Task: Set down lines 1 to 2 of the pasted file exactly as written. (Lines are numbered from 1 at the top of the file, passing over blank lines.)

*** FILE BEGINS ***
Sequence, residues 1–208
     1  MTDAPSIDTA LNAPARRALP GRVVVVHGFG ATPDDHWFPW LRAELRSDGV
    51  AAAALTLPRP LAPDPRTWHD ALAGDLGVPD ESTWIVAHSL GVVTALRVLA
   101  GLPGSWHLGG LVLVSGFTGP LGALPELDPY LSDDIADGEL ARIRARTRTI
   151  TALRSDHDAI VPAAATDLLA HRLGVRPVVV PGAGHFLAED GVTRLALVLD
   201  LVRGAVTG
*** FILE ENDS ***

Sequence, residues 1–208
     1  MTDAPSIDTA LNAPARRALP GRVVVVHGFG ATPDDHWFPW LRAELRSDGV